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Faces in the Crowd
They come from all over Europe, and they all come with a story. (Posted May1, 2013)
 
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CLUB MAN: Bohumil Kern, Health Ministries director for the Czechoslovakia Union, helped develop “health clubs” throughout the Czech Republic and Slovakia. “They’re not just exercise clubs,” he says, “they’re about disease prevention.” [PHOTOS: S. Chavez]
he European Health Conference (EHC) now underway in Prague is the perfect place to experience the Adventist Church in all its diversity. Participants at the conference all believe that healthful living is an essential part of what it means to be a Seventh-day Adventist. But there are almost as many ways to demonstrate the message as there are participants to the conference.

Bohomil Kern is Health Ministries director of the Czechoslovakia Union. He’s honored that Prague was chosen as the site of this first all-European health conference, and he attributes this honor to the role Prague has traditionally played as a gateway between eastern and western Europe.

Kern describes a ministry model that has for many years now served to break down barriers and make friends in communities the Czech Republic and Slovakia. They’re called “health clubs,” and they are neutral venues where people can come to stop smoking, learn to cook more healthfully, reduce the health risks associated with obesity, discover how to come to terms with their addictions, and receive counseling for depression.

The concept has been so successful that it’s been exported to many countries in Eastern Europe. In the Czechoslovakia Union alone more than 260 teachers in nearly 90 health clubs “teach secular people about the Adventist lifestyle.” The clubs meet in community centers, schools, civic buildings, and church social halls.

EARLY TRAINING: Fourteen year-old Flynn Bosch from Coimbra, Portugal, visits neighbors and helps with health expos as part of his healing ministry to his community. 
In a partnership with Loma Linda University, teachers in these health clubs twice a year receive intensive training in specialties such as nutrition, physical therapy, addictions, and counseling.

These health clubs are augmented by “Reconditioning Camp Meetings,” where small groups of people spend up to seven days in a natural setting. The daily schedule includes outdoor activities appropriate to both summer and winter, and features lectures about health and wellness. The evening program includes lectures with a spiritual component. Kern, who pastors three churches in addition to his role at the Czechoslovakia Union, says that many of those who join the church have had contact with one of these health clubs at one time or another.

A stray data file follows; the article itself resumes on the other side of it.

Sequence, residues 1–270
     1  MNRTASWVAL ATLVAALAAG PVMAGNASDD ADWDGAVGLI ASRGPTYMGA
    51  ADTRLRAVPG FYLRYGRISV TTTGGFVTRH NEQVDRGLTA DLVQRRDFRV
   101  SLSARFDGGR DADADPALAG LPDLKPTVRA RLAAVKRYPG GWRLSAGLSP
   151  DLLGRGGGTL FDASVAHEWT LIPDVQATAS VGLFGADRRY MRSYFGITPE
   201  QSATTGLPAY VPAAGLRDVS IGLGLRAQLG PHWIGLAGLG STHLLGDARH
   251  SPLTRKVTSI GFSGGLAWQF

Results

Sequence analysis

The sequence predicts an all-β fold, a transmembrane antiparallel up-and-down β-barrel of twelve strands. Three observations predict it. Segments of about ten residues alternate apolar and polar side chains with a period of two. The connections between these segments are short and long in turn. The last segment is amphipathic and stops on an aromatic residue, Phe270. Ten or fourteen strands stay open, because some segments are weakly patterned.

Flynn Bosch, 14, is attending the conference with his mother, Edith, from Coimbra, Portugal. What does a 14 year-old want out of a conference that features such topics as “Biblical Views on Disease and Healing” and “Hope, Healing, and Diversity”?

“I’m interested in all kinds of health and disease,” he says. Not surprisingly, he’s considering a career as a medical doctor. His mother says that one of his favorite books is about anatomy and physiology.

 
PRAYER PARTNER: Carol Squier, attending the conference from Berrien Springs, Michigan, is a walking testimony of the power of prayer to heal both physically and spiritually.
In his local community Bosch is active in his church’s health ministry outreach. At Health Expos he and others take blood pressure, help measure body mass, take blood samples to be screened for diabetes and cholesterol. What does he consider the most important thing to share with others regarding the Adventist health message? The eight natural remedies: nutrition, exercise, water, sunshine, temperance, air, rest, and trust in divine power.

If you’ve ever been part of a prayer chain, perhaps you know the name Carol Squier. For years her prayer requests have been shared around our table at Adventist Review staff meetings. After hearing her introducing herself to someone at the conference, I was finally able to put a face to the name.

Squier, who lives in Berrien Springs, Michigan, is a sincere and devout believer in the power of prayer. Her experience with prayer over the last year perfectly reflects the purpose of the EHC to explore “perceptions, expectations, and facts; an exploration through science, faith, and culture.” She lost both her husband and son to cancer last year, but not before they both accepted Jesus as their Savior. They may have lost their battle to cancer, but they received something far more precious.

Squier, herself a cancer survivor, makes sure people who experience the trauma of that diagnosis don’t go through the struggle alone; not if she knows about them.
 
 
 

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